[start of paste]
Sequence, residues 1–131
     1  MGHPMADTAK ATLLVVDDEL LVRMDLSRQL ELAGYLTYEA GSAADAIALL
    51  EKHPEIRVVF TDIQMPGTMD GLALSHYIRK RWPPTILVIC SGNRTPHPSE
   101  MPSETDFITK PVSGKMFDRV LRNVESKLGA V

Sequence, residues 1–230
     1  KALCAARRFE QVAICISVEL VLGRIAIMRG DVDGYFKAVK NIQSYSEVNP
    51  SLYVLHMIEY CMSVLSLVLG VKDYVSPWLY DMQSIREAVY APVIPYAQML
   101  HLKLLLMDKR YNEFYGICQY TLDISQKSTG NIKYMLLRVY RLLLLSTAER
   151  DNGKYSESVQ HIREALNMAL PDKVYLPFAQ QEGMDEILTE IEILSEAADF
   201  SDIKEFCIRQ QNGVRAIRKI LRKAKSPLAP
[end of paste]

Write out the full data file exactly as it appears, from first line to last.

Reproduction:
Sequence, residues 1–131
     1  MGHPMADTAK ATLLVVDDEL LVRMDLSRQL ELAGYLTYEA GSAADAIALL
    51  EKHPEIRVVF TDIQMPGTMD GLALSHYIRK RWPPTILVIC SGNRTPHPSE
   101  MPSETDFITK PVSGKMFDRV LRNVESKLGA V

Sequence, residues 1–230
     1  KALCAARRFE QVAICISVEL VLGRIAIMRG DVDGYFKAVK NIQSYSEVNP
    51  SLYVLHMIEY CMSVLSLVLG VKDYVSPWLY DMQSIREAVY APVIPYAQML
   101  HLKLLLMDKR YNEFYGICQY TLDISQKSTG NIKYMLLRVY RLLLLSTAER
   151  DNGKYSESVQ HIREALNMAL PDKVYLPFAQ QEGMDEILTE IEILSEAADF
   201  SDIKEFCIRQ QNGVRAIRKI LRKAKSPLAP